Photo: Joachim Rittsteig, Looking for Mayan Gold in Guatemala
A German expert believes he has cracked an ancient code, which will lead him on an expedition to $290 million in lost gold!
Joachim Rittsteig a professor emeritus at Dresden University and Mayan language expert, seems to have cracked the “Dresden Codex,” a document written back in 1250 A.D, which details the exact location of a treasure, buried somewhere in Guatemala.
Rittsteig’s interpretation of the document appears to be legitimate, so much that he was able to get the entire expedition—two reporters, a TV crew and a scuba diver, financed by the German newspaper, Bild.
The expedition is exploring Guatemala’s Lake Izabal with radar imaging, attempting to find the lost treasure.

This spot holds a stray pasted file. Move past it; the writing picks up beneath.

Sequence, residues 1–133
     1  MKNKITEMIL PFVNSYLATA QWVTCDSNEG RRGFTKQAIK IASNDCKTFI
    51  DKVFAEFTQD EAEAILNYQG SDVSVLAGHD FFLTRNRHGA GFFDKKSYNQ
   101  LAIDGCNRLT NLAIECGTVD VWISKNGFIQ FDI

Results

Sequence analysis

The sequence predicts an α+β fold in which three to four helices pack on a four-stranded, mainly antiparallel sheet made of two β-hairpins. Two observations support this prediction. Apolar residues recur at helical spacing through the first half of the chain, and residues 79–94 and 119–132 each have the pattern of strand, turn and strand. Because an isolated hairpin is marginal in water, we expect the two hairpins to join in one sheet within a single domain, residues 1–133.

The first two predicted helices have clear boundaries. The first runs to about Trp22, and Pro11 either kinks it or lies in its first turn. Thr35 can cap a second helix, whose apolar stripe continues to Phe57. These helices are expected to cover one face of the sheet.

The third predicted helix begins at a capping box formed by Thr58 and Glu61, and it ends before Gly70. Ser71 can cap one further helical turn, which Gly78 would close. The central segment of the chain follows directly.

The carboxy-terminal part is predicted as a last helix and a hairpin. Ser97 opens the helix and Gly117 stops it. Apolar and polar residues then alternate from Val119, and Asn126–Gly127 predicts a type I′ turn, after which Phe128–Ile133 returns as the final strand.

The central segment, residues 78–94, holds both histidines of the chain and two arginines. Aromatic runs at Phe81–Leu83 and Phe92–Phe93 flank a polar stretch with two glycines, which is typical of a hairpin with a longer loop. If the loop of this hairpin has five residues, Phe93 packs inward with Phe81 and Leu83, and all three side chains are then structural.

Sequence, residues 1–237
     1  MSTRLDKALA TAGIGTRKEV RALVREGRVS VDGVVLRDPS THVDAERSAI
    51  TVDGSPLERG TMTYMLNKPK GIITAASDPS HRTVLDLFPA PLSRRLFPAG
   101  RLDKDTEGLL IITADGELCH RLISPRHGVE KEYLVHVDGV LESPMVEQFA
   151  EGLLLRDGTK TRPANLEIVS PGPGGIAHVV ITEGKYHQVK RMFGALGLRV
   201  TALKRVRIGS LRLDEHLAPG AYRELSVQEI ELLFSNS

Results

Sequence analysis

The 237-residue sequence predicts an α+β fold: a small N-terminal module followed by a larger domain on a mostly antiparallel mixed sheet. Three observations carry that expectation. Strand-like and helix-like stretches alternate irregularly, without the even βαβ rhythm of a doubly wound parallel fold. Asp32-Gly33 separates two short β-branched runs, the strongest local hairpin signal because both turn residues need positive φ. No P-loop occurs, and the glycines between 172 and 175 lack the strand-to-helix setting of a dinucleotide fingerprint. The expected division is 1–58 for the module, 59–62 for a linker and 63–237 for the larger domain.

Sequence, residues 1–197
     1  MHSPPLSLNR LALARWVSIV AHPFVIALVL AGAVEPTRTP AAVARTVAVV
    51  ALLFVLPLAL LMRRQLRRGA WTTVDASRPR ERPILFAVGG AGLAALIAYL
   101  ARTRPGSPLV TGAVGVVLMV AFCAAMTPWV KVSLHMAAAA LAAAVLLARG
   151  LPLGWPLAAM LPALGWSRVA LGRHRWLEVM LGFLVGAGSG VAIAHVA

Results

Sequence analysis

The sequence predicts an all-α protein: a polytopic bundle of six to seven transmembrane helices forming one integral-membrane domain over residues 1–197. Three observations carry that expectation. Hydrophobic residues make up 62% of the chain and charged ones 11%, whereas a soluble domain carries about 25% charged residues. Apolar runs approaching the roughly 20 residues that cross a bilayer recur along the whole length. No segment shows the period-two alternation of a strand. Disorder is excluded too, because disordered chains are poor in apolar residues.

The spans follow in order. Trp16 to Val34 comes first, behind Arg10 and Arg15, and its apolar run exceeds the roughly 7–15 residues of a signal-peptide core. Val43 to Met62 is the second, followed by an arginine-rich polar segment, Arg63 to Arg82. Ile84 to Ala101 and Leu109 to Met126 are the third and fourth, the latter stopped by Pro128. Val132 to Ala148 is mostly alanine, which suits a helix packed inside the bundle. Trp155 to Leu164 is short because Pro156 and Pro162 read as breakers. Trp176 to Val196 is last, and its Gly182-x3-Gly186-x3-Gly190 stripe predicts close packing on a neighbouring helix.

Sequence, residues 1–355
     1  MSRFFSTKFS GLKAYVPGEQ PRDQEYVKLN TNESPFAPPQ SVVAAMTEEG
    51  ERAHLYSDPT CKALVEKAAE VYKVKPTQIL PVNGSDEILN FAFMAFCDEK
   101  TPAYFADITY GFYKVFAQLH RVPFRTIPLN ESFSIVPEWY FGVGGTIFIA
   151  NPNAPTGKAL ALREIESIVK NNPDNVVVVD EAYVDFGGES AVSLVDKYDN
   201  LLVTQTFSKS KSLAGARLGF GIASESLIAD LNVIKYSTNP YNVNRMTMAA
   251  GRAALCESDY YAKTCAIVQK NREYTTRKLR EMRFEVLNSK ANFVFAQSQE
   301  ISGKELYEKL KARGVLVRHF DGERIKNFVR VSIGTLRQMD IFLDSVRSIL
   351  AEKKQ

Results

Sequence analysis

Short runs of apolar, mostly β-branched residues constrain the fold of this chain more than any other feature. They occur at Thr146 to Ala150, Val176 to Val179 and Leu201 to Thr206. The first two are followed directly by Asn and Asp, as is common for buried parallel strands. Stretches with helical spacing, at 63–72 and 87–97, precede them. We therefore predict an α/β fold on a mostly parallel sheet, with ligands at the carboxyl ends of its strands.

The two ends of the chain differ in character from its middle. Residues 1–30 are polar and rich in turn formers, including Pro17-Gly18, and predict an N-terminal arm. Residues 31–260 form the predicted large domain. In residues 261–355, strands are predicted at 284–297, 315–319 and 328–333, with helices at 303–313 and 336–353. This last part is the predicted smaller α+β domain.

“The Dresden Codex leads to a giant treasure of eight tons of pure gold […] page 52 talks about the Mayan capital of Atlan, which was ruined by an earthquake on October 30th in the year 666 BC. In this city, they kept 2,156 gold tablets on which the Maya recorded in their laws.”
The “Dresden Codex” is an approximately 74 page long document. It took Rittsteig more than 40 years to decipher its contents; as well as the location of the treasure, the Codex is rich with insights about Mayan philosophy, astrology and medicine.
The Codex was discovered in 1739 in the hands of a wealthy man in Vienna, but it is not clear how he got a hold of it. He then donated it to the Dresden Library, where it is kept under bullet-proof glass in a room with other treasured documents.